Meet the Correspondent: Omar Jaramillo > Berlin$show=/search/label/Omar%20Jaramillo

"I was born in Guayaquil, Ecuador, where I studied architecture. I moved to Kassel (Germany) in 1999 to accomplish a master degree. Although I have always drawn and paint, it was not until I started studying in the Uni-Kassel, that I started keeping a travel sketchbook. I had a teacher there who used to do a lot of sketches when he travelled on university excursions. When he retired, I helped to organize an exhibition of his sketches. He brought a huge box full of sketchbooks he had filled since he was an architecture student. I spent a whole day selecting the most interesting drawings. It was a wonderful experience that opened my eyes to a new world. In the last 10 years I have the feeling of being in a long journey. I like to discover the cities where I live, to understand why a place is the way it is and what makes it different and unique from others. Drawing is for me a way to learn to love a place, to become part of it. I like to draw architecture but I am more attracted to urban scenery, portraying how people live in the city. Since I’m a foreigner, everything that locals find normal and taken-for-granted, for me is exotic. I always carry a small watercolor travel set from Windsor and Newton and my sketchbook in my bag. I always thought that drawing was a solitary experience until I found Urban Sketchers. It was amazing to find so many people doing the same thing. It is a great place to share!" • Omar's blog. • Omar's art on flickr. • Omar's website.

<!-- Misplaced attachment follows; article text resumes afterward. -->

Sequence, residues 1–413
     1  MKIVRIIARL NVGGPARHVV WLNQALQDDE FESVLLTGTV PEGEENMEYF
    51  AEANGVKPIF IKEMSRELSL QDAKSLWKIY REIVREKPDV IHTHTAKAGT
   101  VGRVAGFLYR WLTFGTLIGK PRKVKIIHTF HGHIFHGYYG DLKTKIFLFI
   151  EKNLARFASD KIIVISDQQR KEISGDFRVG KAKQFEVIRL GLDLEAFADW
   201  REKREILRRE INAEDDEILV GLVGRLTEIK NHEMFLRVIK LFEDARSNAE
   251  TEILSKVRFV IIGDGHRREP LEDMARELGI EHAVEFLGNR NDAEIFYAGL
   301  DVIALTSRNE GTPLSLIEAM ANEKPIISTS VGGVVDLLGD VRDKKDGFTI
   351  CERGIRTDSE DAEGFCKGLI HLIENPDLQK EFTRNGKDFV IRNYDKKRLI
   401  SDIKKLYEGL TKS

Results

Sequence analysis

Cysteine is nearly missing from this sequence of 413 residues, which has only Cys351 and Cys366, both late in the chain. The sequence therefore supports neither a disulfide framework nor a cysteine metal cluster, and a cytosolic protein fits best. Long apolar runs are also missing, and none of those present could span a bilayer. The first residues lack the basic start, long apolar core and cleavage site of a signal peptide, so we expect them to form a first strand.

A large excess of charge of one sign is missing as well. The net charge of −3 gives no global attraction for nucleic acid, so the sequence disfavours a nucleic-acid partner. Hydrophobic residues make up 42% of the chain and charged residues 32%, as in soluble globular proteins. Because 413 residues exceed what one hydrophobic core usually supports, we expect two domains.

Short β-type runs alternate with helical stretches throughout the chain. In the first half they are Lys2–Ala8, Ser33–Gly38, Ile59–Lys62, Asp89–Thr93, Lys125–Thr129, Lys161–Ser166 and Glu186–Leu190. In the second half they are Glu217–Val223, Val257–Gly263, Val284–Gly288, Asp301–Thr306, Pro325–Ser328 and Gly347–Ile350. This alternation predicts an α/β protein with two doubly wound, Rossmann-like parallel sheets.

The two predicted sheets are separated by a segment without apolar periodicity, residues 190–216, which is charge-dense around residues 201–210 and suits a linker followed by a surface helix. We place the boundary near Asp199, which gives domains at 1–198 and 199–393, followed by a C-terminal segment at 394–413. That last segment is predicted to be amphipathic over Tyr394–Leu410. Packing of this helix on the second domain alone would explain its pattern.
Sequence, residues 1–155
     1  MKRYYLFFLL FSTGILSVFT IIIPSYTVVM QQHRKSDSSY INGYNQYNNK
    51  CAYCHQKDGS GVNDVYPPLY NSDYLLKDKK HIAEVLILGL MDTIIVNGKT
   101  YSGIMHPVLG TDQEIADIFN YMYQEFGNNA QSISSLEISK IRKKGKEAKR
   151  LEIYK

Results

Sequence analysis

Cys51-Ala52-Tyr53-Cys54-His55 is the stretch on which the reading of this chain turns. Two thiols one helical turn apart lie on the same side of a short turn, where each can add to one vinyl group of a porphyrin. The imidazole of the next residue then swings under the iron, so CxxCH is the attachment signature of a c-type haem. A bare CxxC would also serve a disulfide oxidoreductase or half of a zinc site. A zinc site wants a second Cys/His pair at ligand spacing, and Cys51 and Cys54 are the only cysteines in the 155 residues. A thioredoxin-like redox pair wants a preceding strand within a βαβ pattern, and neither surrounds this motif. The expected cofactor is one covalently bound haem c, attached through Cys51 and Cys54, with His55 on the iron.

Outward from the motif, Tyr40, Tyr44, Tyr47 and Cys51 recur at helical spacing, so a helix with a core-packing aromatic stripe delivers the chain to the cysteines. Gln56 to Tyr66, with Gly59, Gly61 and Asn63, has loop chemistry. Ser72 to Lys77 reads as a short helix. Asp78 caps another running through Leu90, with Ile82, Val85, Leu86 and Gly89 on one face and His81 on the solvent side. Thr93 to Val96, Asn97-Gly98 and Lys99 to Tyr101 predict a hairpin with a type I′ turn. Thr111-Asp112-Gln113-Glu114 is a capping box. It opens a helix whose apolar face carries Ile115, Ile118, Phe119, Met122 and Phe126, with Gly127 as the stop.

Meet the Correspondent: Luis Ruiz > Malaga, Spain$show=/search/label/Luis%20Ruiz

Cold Front

During the two hours I drew, I was passed only two times. Both were by pick-up trucks, which is fitting for this back road in rural central New Hampshire. It was the second truck that stopped, rolled down the window, and asked if I was drawing the old empty house, and asked for a look. 

They're lucky to have caught me outside. For the second hour of drawing (which was my second session that day) I spent a good deal of time in the car with the heat on. That first session, in the morning, I just stood outside and drew, in below-freezing temperatures with a shivering hand. My car was parked on the other side of the road.

Coming back warm after lunch to draw some more, I was sure to park my car where I had stood before. I was now facing the wrong way for driving, but the right way for drawing. I  only stood out in the icy winds for a few minutes, to see over the big pile of plowed snow. Drawing behind the wheel of the car was too low to match my earlier standing perspective.

The bearded man behind the wheel of the pick-up had a big smile. His more stoic wife said her mother grew up in the house. I asked how old the place was, but they didn't know for sure. “A couple-a-hundred yeeaahs.” The accent was as authentic as the worn siding on the little barn before me. 

I asked if anyone lives there anymore. The wife said “No, just in the summah.” The man smiled wide and told me he replaced the roof this year. I told them the house is great and that I'd give them a copy of the drawing next time I was in the area. The man seemed thrilled. The woman said “Okay.”

"We live in the log cabin up the way, right up the hill,” said the man. 

I said I'd put it in their mailbox someday. And I will. I know I'll be back, because my in-laws own a beautiful house on a nearby lake. That's what brought me to the area on this freezing weekend. I'd be back in summer, for sure.

The only problem is that when I drove off, up the hill, I found not one, but two log cabins up ahead, both with pick-up trucks in the driveway. Both with smoking chimneys. Looks like I’ll be making two copies of the drawing. 



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